Titanfall 2: Overshadowed But Not Beaten

With the first instalment in the series flying under the radar for many FPS fans, the sequel did its damnedest to win them over – but did it succeed?

Wall-running, double-jumping, and two-story tall mechs – oh my. By all rights, Titanfall 2 should have been a resounding commercial success. The sequel to Respawn Entertainment’s foray into the world of the Frontier where the IMC and Militia do battle was one of the more rejuvenating takes on the first-person

The sequel to Respawn Entertainment’s foray into the world of the Frontier where the IMC and Militia do battle was one of the more rejuvenating takes on the first-person genre, but suffered from a low online population in the age of annualized Battlefield and Call of Duty releases.Determined to make a bigger splash the second time around, Respawn did all in their power to ensure that Titanfall 2 garnered more visibility.

Determined to make a bigger splash the second time around, Respawn did all in their power to ensure that Titanfall 2 garnered more visibility.

In another reality, perhaps their motives would have gone to plan – were it not for their decision to release their game at nearly the same time as the newest instalment in one of gaming’s largest franchises: Battlefield 1.

Fans of the first Titanfall were adamant in joining the front on the Frontier one more time, but a significant portion of the game’s potential playerbase was swept away to the virtual fields of WWI.

It is certainly a testament to the developer’s belief in the quality of their product that they would choose to release it at the same time as their publisher’s own FPS foray – but it could have easily been that spot of hubris that cost them so dearly.Make no mistake about it: Titanfall 2 is a masterfully crafted game. The tight movement, combat, and interplay with the Titans make for a form of online FPS combat that other games can only dream of.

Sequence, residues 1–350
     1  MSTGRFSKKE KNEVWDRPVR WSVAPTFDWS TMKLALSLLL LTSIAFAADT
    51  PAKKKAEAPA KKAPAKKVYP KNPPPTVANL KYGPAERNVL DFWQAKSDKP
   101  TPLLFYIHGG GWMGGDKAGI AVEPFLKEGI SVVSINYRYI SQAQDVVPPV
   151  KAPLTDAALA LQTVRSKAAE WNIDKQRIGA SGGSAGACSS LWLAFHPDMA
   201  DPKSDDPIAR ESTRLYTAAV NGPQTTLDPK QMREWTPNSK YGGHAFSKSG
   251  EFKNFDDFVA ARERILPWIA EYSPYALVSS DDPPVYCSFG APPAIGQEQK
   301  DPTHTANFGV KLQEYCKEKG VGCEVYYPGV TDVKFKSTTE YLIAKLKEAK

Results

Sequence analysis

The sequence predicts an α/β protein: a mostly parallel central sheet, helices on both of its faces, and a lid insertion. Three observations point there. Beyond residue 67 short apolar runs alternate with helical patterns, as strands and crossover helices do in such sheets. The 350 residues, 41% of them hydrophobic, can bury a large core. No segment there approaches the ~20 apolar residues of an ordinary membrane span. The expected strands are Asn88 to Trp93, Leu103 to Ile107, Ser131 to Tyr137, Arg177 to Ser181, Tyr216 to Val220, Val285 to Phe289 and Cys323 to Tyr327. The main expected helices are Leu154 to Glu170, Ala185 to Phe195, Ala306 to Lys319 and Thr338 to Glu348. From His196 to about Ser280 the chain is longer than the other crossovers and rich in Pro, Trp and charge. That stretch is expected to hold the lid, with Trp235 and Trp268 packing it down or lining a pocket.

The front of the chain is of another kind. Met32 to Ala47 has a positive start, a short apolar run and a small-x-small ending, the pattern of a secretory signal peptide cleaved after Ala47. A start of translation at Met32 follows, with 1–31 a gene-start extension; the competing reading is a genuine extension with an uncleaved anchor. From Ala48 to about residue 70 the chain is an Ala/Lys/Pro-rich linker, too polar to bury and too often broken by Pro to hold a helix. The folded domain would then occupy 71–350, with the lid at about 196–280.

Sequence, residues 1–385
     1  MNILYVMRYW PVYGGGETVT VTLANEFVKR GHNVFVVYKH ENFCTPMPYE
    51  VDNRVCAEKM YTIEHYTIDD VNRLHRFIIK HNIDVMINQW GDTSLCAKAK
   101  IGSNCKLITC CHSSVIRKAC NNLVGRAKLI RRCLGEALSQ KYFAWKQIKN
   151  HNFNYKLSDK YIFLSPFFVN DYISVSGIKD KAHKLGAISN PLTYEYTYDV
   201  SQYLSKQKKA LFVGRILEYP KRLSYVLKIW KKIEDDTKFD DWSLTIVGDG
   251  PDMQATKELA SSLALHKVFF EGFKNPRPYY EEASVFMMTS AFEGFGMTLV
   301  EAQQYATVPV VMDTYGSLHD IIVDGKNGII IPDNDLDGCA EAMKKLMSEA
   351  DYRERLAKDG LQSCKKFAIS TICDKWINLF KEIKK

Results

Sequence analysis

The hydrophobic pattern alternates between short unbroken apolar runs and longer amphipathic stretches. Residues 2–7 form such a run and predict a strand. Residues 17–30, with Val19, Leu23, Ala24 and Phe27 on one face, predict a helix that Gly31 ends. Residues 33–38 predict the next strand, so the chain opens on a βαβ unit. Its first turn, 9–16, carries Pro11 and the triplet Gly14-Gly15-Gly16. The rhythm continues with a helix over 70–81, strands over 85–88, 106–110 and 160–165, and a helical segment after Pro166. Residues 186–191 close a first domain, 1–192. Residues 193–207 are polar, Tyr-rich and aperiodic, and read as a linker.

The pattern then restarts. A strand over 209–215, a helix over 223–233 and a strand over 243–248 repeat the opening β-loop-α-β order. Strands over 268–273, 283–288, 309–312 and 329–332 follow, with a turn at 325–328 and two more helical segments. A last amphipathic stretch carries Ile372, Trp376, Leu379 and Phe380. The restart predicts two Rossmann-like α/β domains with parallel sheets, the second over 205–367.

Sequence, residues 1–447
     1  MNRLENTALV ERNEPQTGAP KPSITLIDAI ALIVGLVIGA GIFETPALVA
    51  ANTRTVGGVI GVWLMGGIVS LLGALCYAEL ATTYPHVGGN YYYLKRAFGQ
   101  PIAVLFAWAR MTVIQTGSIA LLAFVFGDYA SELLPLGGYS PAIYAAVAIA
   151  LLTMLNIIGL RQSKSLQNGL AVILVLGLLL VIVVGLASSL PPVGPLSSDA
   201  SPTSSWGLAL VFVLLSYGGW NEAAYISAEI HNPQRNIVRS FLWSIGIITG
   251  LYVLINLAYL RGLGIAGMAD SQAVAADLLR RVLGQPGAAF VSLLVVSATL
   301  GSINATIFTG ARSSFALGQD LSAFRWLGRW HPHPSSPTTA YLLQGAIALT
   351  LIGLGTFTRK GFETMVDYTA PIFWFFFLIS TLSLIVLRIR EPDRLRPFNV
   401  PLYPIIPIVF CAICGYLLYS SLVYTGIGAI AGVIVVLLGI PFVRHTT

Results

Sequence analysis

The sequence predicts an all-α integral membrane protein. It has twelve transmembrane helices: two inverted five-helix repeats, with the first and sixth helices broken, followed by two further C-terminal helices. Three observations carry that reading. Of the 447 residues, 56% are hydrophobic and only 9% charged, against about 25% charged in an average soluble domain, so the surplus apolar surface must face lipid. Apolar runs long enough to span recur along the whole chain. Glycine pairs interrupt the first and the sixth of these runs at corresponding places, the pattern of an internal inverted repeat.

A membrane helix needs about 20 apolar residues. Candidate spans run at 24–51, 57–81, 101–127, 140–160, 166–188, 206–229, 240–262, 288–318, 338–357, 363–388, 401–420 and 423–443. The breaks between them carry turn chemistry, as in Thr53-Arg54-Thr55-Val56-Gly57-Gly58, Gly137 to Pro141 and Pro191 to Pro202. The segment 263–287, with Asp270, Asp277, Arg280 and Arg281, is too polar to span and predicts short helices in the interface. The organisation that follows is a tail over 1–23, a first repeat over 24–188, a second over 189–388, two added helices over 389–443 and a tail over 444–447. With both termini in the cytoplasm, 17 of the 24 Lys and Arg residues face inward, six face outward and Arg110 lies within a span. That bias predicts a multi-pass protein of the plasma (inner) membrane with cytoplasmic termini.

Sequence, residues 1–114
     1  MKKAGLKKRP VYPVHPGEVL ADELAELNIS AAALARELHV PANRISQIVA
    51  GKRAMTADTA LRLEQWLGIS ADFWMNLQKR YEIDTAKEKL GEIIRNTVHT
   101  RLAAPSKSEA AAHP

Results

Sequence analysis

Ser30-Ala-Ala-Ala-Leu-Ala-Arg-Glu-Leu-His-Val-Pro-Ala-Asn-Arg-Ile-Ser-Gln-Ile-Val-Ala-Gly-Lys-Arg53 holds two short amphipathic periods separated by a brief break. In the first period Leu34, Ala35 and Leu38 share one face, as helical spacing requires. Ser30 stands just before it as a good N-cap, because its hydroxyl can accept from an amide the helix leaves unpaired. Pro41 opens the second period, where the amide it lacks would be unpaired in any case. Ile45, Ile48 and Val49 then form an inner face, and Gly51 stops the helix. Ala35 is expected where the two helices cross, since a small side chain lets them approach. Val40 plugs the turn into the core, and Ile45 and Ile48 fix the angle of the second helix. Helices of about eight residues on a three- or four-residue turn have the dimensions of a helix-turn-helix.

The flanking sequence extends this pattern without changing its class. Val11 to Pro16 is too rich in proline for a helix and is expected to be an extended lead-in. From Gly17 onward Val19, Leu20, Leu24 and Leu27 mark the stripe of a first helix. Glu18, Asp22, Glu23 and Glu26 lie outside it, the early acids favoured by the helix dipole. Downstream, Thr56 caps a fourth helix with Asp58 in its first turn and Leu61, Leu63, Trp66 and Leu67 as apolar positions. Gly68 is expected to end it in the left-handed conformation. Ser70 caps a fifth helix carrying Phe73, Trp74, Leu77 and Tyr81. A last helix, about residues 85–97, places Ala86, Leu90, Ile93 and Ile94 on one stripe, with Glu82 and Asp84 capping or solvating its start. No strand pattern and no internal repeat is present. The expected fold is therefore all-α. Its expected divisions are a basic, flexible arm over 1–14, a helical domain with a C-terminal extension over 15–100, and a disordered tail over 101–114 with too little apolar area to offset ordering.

Make no mistake about it: Titanfall 2 is a masterfully crafted game. The tight movement, combat, and interplay with the Titans make for a form of online FPS combat that other games can only dream of.

Taking the themes of the first game and fleshing out an entire campaign out of them was arguably Respawn’s greatest decision. What existed in the first game as dialogue that would play out during the multiplayer-only gameplay was an interesting choice, but gave little in the ways of world-building, let alone a substitute for a missing single player campaign.

Respawn has made sure to deliver on that front the second time ‘round. Titanfall 2’s campaign may be on the short side, but it manages to pack more action across its plethora of levels that drip with creativity than most other shooters manage throughout their entire campaigns.

While the addition of a single-player narrative is a great boon, it is Respawn’s offering into the online multiplayer market that will give Titanfall 2 its greatest chance of making a lasting impression. The fortune of an online FPS is only as good as the health of their online community – and respawn appears to be dedicated to introducing stimulus in the form of free DLC to their players.

Through bolting on a co-op survival mode in which four players must hold out against increasingly difficult waves of enemies, the studio has shown that they’re keen to put the missteps of the past behind them and push the series forward through a combination of polish and support that will only go to earn the respect of their fans.

Now if only they could do something about the atrociously high skill-ceiling for newcomers, they’d be absolutely golden.